What is a Risk-Free Rate of Return?

Alexis W.
Alexis W.
Man climbing a rope
Man climbing a rope

A risk-free rate of return refers to the expected return on investment on an investment that carries no risk. It can be compared with the rate of return on other investments in order to assess whether the rate of return is good enough to justify making such an investment. The rate of return refers to the amount of money that an investor can expect to make on his investment.

Investors invest their money for the purpose of earning returns on it. Returns can come in the form of interest, in the case of a certificate of deposit, savings account or treasury bond. Returns can also come in the form of dividends, which are cash payments issued to shareholders of a company in order to distribute earnings the company has. When a stock is owned, returns can also come from an increase in the value of the stock, which causes the share price to rise.

The rate of return is one factor investors use when determining what to invest in. When there are two investments, one of which has a higher return on investment or rate of return, it makes sense to invest in the investment vehicle that will provide a higher income or return on the investment. The other important factor, however, is how risky the investment is.

Nearly every investment has some degree of risk. The risk refers to the chance that some or all of the money will be lost. With a stock, for example, the risk is that the share price will decrease or that the company will go bankrupt and the shares will end up being worth nothing, resulting in a complete loss of the investment. With bonds, the risk is that the bondholder will default.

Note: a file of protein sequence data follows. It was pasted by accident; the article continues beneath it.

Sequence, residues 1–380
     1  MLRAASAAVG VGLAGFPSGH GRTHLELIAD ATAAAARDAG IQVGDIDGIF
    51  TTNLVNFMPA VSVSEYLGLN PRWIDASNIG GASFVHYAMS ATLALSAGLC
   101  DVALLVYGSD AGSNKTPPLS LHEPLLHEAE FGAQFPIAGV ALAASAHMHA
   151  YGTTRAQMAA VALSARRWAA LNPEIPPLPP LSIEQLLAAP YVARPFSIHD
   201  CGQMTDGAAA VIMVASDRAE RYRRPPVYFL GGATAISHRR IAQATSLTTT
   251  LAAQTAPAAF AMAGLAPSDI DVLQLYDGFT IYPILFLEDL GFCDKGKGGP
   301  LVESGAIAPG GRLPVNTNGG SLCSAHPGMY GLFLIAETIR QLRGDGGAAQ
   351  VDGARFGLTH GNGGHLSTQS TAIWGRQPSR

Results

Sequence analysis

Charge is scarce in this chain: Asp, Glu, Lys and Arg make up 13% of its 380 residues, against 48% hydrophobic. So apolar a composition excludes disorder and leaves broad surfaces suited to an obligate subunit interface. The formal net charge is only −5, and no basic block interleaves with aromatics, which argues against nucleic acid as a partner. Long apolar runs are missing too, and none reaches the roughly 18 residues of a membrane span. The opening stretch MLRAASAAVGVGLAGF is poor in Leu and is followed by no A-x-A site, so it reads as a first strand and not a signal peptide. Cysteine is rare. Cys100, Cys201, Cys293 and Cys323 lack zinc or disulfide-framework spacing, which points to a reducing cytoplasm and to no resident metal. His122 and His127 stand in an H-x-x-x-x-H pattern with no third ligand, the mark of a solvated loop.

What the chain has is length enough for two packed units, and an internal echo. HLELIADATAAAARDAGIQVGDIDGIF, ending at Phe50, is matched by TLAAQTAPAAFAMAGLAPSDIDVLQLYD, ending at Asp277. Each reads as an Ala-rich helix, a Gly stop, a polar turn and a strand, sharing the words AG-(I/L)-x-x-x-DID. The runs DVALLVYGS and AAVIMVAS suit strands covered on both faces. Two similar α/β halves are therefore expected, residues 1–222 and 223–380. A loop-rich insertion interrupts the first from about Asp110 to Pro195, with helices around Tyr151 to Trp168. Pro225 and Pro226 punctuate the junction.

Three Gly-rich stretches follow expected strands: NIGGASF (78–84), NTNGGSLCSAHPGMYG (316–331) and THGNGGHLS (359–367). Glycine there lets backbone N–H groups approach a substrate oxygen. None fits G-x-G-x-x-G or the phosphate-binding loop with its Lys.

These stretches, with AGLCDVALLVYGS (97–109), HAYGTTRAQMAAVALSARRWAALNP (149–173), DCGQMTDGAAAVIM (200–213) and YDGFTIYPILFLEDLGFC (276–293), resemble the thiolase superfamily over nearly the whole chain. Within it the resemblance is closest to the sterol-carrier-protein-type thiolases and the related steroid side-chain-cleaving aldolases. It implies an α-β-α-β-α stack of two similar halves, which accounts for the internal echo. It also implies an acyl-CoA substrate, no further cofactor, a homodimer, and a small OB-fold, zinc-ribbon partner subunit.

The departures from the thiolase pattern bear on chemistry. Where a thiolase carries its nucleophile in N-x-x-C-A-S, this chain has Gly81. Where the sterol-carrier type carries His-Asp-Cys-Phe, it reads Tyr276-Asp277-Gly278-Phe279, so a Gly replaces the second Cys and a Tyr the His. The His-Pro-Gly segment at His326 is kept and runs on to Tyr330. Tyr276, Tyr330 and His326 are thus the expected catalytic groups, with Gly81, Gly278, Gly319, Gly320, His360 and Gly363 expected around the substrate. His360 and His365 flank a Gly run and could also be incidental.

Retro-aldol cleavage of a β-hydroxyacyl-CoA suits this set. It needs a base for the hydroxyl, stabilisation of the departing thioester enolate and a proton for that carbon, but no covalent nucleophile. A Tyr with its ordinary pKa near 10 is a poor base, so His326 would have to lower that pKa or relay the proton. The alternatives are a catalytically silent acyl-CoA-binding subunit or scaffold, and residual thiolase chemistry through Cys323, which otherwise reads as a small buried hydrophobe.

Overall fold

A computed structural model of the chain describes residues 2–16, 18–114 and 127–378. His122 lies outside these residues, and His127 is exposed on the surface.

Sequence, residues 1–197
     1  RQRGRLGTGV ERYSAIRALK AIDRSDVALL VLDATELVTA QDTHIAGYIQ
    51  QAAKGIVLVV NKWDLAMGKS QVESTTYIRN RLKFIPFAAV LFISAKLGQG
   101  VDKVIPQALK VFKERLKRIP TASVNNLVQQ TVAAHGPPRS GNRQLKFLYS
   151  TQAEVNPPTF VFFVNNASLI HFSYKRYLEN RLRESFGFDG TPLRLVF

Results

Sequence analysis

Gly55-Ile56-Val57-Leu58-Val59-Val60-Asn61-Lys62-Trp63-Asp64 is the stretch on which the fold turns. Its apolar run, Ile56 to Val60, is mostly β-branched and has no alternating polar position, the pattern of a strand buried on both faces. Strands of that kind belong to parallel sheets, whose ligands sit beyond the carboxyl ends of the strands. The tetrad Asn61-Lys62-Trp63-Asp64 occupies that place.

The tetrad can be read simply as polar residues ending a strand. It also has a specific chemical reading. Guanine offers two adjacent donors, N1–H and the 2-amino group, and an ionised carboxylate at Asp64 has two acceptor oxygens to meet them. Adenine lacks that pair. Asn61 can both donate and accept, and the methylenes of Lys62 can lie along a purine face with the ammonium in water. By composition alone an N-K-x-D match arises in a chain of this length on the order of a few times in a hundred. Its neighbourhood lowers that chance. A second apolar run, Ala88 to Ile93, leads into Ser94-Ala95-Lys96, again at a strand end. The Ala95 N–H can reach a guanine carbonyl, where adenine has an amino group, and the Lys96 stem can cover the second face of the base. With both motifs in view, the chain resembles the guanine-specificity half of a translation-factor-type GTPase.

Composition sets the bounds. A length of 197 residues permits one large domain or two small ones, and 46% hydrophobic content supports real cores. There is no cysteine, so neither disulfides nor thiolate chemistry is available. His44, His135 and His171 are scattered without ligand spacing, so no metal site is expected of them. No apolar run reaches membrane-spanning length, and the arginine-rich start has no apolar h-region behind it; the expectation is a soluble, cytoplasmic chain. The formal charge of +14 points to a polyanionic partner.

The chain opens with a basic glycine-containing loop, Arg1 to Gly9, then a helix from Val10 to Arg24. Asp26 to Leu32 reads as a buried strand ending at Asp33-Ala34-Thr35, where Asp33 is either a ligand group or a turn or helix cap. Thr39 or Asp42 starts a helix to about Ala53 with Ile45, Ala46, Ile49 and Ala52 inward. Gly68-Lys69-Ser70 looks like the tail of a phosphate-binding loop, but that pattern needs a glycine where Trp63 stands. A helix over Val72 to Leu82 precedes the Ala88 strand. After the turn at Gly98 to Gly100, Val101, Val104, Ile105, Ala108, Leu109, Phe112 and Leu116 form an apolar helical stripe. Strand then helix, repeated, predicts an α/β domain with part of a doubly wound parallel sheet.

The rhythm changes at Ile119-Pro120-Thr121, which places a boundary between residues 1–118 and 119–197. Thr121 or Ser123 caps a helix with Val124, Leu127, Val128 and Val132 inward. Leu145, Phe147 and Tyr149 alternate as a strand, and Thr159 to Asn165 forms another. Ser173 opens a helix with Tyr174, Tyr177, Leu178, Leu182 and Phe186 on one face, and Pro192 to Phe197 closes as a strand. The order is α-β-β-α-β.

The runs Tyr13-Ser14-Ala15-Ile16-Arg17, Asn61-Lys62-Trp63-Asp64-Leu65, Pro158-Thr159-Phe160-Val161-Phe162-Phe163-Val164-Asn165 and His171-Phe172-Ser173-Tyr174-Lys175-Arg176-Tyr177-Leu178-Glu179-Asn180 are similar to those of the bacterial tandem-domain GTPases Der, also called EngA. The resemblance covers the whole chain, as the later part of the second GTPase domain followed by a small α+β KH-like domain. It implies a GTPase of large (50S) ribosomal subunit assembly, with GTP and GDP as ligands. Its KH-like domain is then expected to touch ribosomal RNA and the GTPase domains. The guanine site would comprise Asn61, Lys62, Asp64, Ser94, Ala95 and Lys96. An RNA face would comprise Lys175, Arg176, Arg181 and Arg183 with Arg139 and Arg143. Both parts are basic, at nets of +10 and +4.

Higher risk investments must have a higher rate of return to be worth purchasing. Low risk investments, such as savings accounts, on the other hand, can offer a lower interest rate since there is little to no risk of the investor losing the money he has put in. A risk-free rate of return thus refers to the return on investment in an investment that has zero risk.

In reality, a risk-free rate of return is a hypothetical concept. There are essentially no investments in which there is absolutely zero risk of loss. In generally accepted terms, the risk-free rate of return is determined by evaluating the rate of return paid on a three-month United States Treasury bill within the United States. Since a Treasury bill is a loan to the US government, there is little risk of default and thus the investment is considered to be one of the lowest risk investments available and the closest thing to a risk-free rate of return possible.

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